by Calculated Risk on 11/27/2017 11:10:00 AM
Monday, November 27, 2017
New home sales for October were reported at 685,000 on a seasonally adjusted annual rate basis (SAAR). This was well above the consensus forecast, and the highest sales rate since October 2007. However the three previous months were revised down (combined).
There was clearly some rebound following hurricane Harvey. Sales in the South were up sharply in both September and October, from August, and at the highest level since October 2007. Some contracts in the South, that would have been signed in August, were probably delayed until September and October. Also some people who lost homes, might have signed contracts for new homes in September and October (New home sales are counted when contracts are signed).
Sales were up 18.7% year-over-year in September.
Earlier: New Home Sales increase to 685,000 Annual Rate in October.
Click on graph for larger image.
This graph shows new home sales for 2016 and 2017 by month (Seasonally Adjusted Annual Rate).
For the first ten months of 2017, new home sales are up 8.9% compared to the same period in 2016.
This was a solid year-over-year increase through October.
And here is another update to the "distressing gap" graph that I first started posting a number of years ago to show the emerging gap caused by distressed sales. Now I'm looking for the gap to close over the next several years.
The "distressing gap" graph shows existing home sales (left axis) and new home sales (right axis) through October 2017. This graph starts in 1994, but the relationship had been fairly steady back to the '60s.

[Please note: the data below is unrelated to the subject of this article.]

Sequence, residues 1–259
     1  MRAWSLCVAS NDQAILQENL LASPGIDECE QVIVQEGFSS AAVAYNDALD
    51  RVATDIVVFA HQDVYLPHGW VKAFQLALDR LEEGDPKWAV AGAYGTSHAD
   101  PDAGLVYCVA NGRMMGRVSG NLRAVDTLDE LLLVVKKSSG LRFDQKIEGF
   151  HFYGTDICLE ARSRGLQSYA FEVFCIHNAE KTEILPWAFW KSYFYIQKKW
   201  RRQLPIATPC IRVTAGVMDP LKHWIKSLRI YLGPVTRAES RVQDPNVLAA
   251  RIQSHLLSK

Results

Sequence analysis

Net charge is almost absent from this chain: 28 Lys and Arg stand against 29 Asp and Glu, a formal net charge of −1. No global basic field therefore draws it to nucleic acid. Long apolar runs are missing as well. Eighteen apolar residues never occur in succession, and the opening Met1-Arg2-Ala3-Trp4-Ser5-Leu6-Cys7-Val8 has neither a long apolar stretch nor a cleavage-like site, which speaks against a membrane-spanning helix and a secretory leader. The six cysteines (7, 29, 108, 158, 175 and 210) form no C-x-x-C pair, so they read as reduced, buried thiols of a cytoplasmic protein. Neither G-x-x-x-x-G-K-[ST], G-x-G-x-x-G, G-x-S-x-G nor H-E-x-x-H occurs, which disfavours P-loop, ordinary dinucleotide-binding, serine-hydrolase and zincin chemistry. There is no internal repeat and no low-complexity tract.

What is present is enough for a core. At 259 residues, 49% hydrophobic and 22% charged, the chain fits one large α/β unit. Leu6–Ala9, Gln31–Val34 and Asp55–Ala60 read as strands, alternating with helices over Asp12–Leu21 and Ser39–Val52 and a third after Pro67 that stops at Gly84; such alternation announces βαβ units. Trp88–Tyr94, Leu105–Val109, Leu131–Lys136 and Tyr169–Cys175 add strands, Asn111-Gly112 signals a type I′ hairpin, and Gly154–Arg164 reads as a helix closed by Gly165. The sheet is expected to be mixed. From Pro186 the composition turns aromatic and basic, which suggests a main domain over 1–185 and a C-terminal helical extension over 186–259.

Following the housing bubble and bust, the "distressing gap" appeared mostly because of distressed sales. The gap has persisted even though distressed sales are down significantly, since new home builders focused on more expensive homes.
I expect existing home sales to move more sideways, and I expect this gap to slowly close, mostly from an increase in new home sales.
However, this assumes that the builders will offer some smaller, less expensive homes. If not, then the gap will persist.
Another way to look at this is a ratio of existing to new home sales.
This ratio was fairly stable from 1994 through 2006, and then the flood of distressed sales kept the number of existing home sales elevated and depressed new home sales. (Note: This ratio was fairly stable back to the early '70s, but I only have annual data for the earlier years).
In general the ratio has been trending down since the housing bust, and this ratio will probably continue to trend down over the next several years.
Note: Existing home sales are counted when transactions are closed, and new home sales are counted when contracts are signed. So the timing of sales is different.